My Dear Sisters and Brothers! Those two female characters from the Gospel capture perfectly the tension we can detect in the Church as well, the tension between action and listening. The tension will always escalate when we favour one thing over another. Don’t think that Jesus condemned Martha’s attitude and favoured Mary’s. He didn’t, but he rather indicated that what we do should come from our listening to the Lord. As doing things without being grounded in the Word of God can have little to do with God as listening to the Word of God without putting it into practice can have little to do with God as well.
Next week we will see Jesus in one of those intimate moments of prayer. It must have been so captivating that his disciples asked him: “Lord, teach us how to pray.” The outcome of that request is the prayer we all know so well: Our Father. Did Jesus pray this prayer before or did he compose it after being asked by his Apostles? We cannot answer this question but we can identify with confidence a prayer he prayed at least twice a day, the prayer which has been a framework of day and life for the Jewish people for millennia: “Sh’ma Yisrael Adonal Eloheinu Adonai Ehad” which can be translated as: “Hear, O Israel! The Lord is our God! The Lord is One!” or “Hear, O Israel! The Lord is our God – the Lord alone.” As the Bible prescribed it the Jews have prayed it at their rising in the morning and at their resting at night. Can you notice here that the accent is on listening? Isn’t a powerful and motivating way to start your day? To be open to the Lord speaking in various ways, through various events and various people? Then the actions we perform flow from God himself. They are not simply our actions but they are rather the continuation of the Lord’s creation story which was worded in the Genesis. Isn’t also a powerful and reassuring way to conclude the day, to look at the finishing day with an intention to recall God’s inspirations which came to us?
Jesus’ visit to the home of Martha and Mary, which St Luke described so vividly, is an encouragement to us all: to begin what we do with listening to the Lord our God, that’s what Martha overlooked, and to put into practice what we have heard, that’s what hopefully Mary later did.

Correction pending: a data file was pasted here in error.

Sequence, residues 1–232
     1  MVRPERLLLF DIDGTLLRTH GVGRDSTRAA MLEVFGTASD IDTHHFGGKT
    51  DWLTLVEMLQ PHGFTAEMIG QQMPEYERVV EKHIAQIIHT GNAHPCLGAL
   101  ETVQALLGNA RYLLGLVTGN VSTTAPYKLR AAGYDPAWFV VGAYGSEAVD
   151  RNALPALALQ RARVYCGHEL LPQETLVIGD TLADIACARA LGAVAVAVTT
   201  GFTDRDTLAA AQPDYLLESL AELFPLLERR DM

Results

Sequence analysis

However there is another aspect which links both Shema and Our Father, they are not private or individualistic prayers. They are prayers of someone who belongs to a faith community. I am at awe when I think about a little Jewish child, or an elderly Jewish lady, or a hard working Jewish father, saying Shema upon waking up or going to bed and saying it as a part of the community which is united by listening to the same Father in heaven. I am also at awe when I think about a little Christian child, or an elderly Christian lady, or a hard working Christian father, saying Our Father upon waking up or going to bed and saying it as a part of the community which is united by listening to the same Father in heaven.
My Dear Friends! There are people grieving at this time as they come to terms with what has happened in Niece but the greatest grievance is caused by realisation how divided our world has become. Various modern social and political structures which were to ensure the unity of human kind are collapsing. Why is the world so divided? Why are those modern social and political structures collapsing? As an answer to those two questions let me articulate this question: Are those various modern social and political structures the outcome of listening to the Lord?